2018 Top Cybersecurity Threats
- Apr 23, 2018
- Guest Author
It’s a cliché now to declare any year the year of the _____-breach. It’s especially difficult to see around corners in the cybersecurity industry, but not impossible. To do so, it’s necessary to closely watch and understand the latest technologies, socio-economic trends, legal/privacy trends and even political climates.
This year, NopSec did just that with our 2018 Top Cybersecurity Threats White paper, and we predict that the biggest cyber threats will be massive data breaches, ransomware, opportunistic crypto-mining attacks and IoT hacking. Here’s a sneak peek of what we have in store:
Some of the largest and most unique data breaches ever were seen in 2017. In September, Equifax announced that it lost data belonging to 143 million people — more than half the adults currently living in the United States. Unlike most other breaches, this wasn’t just names, email addresses and credit card numbers. The credit reports kept on file by credit bureaus like Equifax contain much more information. In October, Equifax announced an additional 2.5 million records were exposed as well.
Ransomware dominated the news cycles in 2017 and we don’t expect that to change in 2018. New trends, like Ransomware-as-a-Service (RaaS) will increase the volume and impact of ransomware.
Ransomware has progressively become more powerful and destructive over the past few years. This arms race peaked with the state-sponsored WannaCry (attributed to North Korea) and NotPetya (attributed to Russia), which weren’t really ransomware at all. Ransomware-as-a-Service is a currently evolving market with Satan, Philadelphia and the less creatively-named MacRansom spotted for sale.
Cryptocurrency has been a game changer for the criminal world. The availability of anonymous currency with no geo-political ties has allowed criminals to cut down on the number of steps necessary to get paid and cuts down on risk.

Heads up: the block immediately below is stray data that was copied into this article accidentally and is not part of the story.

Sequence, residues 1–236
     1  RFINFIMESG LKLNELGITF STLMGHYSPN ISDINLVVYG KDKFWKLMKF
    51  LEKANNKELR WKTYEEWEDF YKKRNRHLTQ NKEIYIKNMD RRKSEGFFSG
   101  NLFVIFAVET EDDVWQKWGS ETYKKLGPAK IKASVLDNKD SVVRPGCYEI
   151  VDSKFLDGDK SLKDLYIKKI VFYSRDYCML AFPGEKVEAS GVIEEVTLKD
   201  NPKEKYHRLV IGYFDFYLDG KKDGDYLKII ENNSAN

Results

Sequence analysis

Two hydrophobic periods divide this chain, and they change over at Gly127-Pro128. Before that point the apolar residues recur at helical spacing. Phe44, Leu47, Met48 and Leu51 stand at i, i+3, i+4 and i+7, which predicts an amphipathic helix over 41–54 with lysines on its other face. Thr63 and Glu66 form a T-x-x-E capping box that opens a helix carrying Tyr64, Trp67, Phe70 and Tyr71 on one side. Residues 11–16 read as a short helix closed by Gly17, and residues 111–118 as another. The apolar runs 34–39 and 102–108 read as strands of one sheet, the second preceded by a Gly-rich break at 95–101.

While most mainstream cryptocurrency is well designed and secure on its own, the wallets, markets and exchanges used to buy, sell and manage these coins have not been as secure. We’ve seen a wealth of issues (literally) that often result in direct theft of funds from exchanges and individuals’ wallets. Funds have been stolen from several initial coin offerings: $7.4 million from Coindash’s ICO, for example. A vulnerability in the Parity Multisig Wallet allowed $32 million to be stolen from the ICOs of Edgeless, Casino, Swarm City and aeternity blockchain.
The technology market is in full swing with IoT. Slick, Internet-connected devices hit the market daily, closely followed by less expensive (and often less secure) variants. While most experts, buyers and consumers agree that IoT devices must have security built-in, not all do.
The Mirai botnet responsible for some of the largest DDoS attacks ever seen has left a legacy in its wake. The Satori and Reaper IoT botnets have competed fiercely for access to devices. They often attempted to steal directly from other botnets, then shutting down external access to prevent reprisals. While these IoT botnets have been largely comprised of enterprise-level devices (IP cameras have been a popular target), future botnets could target consumer devices as well.
Technology is advancing quickly and it’s not all about robotics, space exploration and whatever else graces the cover of Popular Mechanics magazine these days. As these new technologies emerge, use them and understand them. Then think about ways to abuse them. This thought process makes it possible to mitigate a portion of threats before they become threats.
Accurately predicting the next attack is a lot like playing chess — consider what’s possible, try to think like your opponent, consider worst-case scenarios and try to plan several moves ahead. Considering most vulnerabilities are exploited before public awareness or immediately after, it is important to include prediction exercises when planning and developing security strategy.
To learn more, download the 2018 Top Cybersecurity Threats white paper.